The first Iraqis to appear in Clint Eastwood’s Iraq War drama, American Sniper, are a young mother and boy of maybe 12. They are seen from the point of view of the man who will kill them: Chris Kyle, the real-life Navy Seal whose tours in Iraq provide the narrative for this controversial movie.
Through his high-powered scope on a nearby rooftop, Kyle watches the mother, shrouded in her burqa and ḥijāb, hand a grenade to the boy and send him through the rubble towards a squad of American troops.
Kyle, though tortured by having to do it, executes them both.
But the movie does not pause to register the tragedy of their deaths. The drama in the scene – and throughout the movie –- turns on the crisis for Kyle, of the moral and emotional consequences of the war for him.
The woman and child, like all Iraqis in the film, are rendered as conspicuously “other”: distant, dangerous, unknowable and malevolent. In this scene, for example, Eastwood does not show us their fear or anguish. Filming the action from Kyle’s point of view keeps them at a remove from the viewers' sympathies.
What’s more, the movie fails to provide any kind of larger context that might explain their actions. Except for a few throwaway lines, American Sniper does not delve into the circumstances surrounding the Iraq War and what many consider the US crimes and fabrications that led to it.
It certainly doesn’t present a point of view in which Iraqis, still reeling from the trauma of decades of totalitarian oppression, are seen as protecting their homeland from brutal foreign occupiers.
Instead, the Iraqis are derided as “savages” in the film by Kyle and others. And though that may represent attitudes held by the characters, Eastwood does not make it clear enough that the filmmakers don’t share their views, one of the reasons why the liberal U.S. media has criticized the film.
These critics are correct when they say that American Sniper is consistent with historical representations of Arabs in Hollywood movies. As Jack Shaheen, who has done pioneering work on the subject, writes
Seen through Hollywood’s distorted lenses, Arabs look different and threatening. Projected along racial and religious lines, the stereotypes are deeply ingrained in American cinema. From 1896 until today, filmmakers have collectively indicted all Arabs as Public Enemy #1 – brutal, heartless, uncivilized religious fanatics and money-mad cultural “others” bent on terrorizing civilized Westerners.
In his work, Shaheen has analyzed virtually every Hollywood feature ever made that depicts Arabs, ranging from The Sheik (1921), to Disney’s Aladdin (1992), to Rules of Engagement (2000). He found that they are almost invariably depicted as “brute murderers, sleazy rapists, religious fanatics, oil-rich dimwits and abusers of women.”
Of course, these characters certainly don’t reflect the diversity and multiplicity of real Arabs who number in the hundreds of millions and contribute to a mosaic of cultures, languages and religions throughout the Middle East.
While other non-white groups, such as African Americans and Latinos, have arguably seen their representation in Hollywood films improve and diversify over time (at least marginally), Arabs and others of Middle Eastern descent continue to be maligned and silenced, still used as easy villains in recent movies such as Iron Man (2008) and Lone Survivor (2013). Even films that humanize them, such as Three Kings (1999), Syriana (2005), and The Hurt Locker (2008), still operate from white, American points of view and often feature Arabs as weak and backward.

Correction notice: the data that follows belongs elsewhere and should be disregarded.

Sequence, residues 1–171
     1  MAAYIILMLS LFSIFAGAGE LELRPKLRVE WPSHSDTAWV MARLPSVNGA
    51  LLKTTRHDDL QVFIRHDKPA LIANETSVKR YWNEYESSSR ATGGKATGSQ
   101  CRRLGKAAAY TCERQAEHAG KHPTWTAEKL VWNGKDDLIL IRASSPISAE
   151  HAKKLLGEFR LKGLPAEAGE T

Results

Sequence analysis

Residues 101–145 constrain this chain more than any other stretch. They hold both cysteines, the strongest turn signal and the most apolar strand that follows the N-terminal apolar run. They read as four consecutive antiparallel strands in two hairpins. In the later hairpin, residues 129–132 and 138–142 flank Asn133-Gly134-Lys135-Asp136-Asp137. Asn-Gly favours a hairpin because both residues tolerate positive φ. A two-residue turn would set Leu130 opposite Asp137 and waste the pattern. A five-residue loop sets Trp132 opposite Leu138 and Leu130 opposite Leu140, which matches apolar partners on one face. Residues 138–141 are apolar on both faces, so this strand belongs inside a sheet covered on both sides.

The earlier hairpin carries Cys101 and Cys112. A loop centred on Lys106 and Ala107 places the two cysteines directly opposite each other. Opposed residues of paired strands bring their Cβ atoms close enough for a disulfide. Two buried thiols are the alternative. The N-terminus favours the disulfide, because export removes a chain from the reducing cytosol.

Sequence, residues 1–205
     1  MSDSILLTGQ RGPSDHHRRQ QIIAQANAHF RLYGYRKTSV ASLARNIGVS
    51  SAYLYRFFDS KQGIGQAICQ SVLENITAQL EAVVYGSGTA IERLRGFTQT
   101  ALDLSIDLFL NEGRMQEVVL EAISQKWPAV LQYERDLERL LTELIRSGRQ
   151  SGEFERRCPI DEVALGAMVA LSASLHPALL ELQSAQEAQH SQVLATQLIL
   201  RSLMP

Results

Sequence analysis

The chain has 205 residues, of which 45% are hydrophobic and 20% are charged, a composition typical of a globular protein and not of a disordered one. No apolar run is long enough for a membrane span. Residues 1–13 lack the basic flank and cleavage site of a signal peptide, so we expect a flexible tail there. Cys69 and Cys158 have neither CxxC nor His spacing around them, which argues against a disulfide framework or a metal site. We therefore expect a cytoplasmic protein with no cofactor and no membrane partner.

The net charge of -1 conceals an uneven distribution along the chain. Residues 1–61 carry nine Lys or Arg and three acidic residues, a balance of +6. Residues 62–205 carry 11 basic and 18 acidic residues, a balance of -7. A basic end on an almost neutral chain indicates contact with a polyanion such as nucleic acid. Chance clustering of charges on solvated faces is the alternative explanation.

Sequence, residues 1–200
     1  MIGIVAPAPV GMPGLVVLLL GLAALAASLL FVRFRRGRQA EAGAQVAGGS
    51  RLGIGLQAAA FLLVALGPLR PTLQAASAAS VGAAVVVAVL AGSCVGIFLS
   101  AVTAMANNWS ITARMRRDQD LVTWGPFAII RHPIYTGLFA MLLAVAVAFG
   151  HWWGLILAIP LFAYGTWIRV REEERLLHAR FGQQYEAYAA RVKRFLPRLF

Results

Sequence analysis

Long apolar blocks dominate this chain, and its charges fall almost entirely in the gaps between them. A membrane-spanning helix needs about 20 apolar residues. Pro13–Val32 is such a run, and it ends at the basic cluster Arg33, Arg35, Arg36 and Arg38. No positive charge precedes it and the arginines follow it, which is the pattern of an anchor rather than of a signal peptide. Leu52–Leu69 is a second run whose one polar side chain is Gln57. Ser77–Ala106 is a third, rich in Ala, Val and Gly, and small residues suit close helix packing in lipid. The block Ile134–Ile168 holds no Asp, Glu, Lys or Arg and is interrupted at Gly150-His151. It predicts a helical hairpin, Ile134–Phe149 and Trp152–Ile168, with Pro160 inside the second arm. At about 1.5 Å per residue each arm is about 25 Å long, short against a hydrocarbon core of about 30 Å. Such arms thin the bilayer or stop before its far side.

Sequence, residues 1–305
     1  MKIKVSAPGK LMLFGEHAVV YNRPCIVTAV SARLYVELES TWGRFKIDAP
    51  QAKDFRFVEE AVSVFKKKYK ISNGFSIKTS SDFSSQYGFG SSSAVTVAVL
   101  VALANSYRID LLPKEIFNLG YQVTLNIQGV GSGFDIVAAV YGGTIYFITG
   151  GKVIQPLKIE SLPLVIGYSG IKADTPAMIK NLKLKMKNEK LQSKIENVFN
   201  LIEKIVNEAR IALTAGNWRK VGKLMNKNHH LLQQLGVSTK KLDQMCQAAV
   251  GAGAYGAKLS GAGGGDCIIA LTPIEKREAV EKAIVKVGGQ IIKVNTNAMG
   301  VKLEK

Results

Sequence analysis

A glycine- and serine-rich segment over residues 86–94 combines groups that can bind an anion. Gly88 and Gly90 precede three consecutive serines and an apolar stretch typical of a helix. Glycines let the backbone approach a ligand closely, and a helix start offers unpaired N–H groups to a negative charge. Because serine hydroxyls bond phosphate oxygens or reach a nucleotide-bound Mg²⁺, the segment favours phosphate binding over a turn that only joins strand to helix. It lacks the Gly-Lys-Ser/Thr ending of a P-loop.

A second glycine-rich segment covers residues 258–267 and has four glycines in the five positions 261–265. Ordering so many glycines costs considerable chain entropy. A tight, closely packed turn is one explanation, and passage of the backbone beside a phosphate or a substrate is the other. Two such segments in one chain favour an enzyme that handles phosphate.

Despite what could be described as more racially progressive work in earlier films – Flags of Our Fathers (2006), Letters From Iwo Jima (2006), Gran Torino (2008) – Eastwood engages in these traditional patterns of representation in American Sniper.
In one scene, Kyle and his men kick in the door of a family to use their house as a staging area. After a time, the family invites Kyle and his men to dinner. During the meal, Kyle suspects that the man is an insurgent. He leaves the table and searches the house, finding a cache of weapons: the man is the enemy he is suspected of being, and Kyle brutalizes him. Later, like so many of the Iraqis in this film, the man is mowed down by a US machine gun.
Compare this to a scene in Gran Torino, in which Eastwood’s character, a curmudgeonly old Korean War vet living in Detroit, is invited to dinner at the house of his next-door neighbors, who are Hmong people from Laos. The scene runs for almost ten minutes, as Eastwood lingers on three generations of immigrants – their customs, hardships and relationships to one another. Eastwood does more then humanize the Hmong in Gran Torino; he attempts to normalize them as people no different from their white neighbors, and portrays them with great deal of empathy.
Empathy is what’s missing in American Sniper – at least towards the Iraqis. And it’s Eastwood’s more progressive work that especially renders American Sniper such a disappointment. Given the opportunity to represent Iraqis with the depth and humanity he’s shown to non-whites and non-Americans in previous films, he instead succumbs to the same patterns of representation that have demonized Arabs in American film for a century.
This article was originally published on The Conversation.
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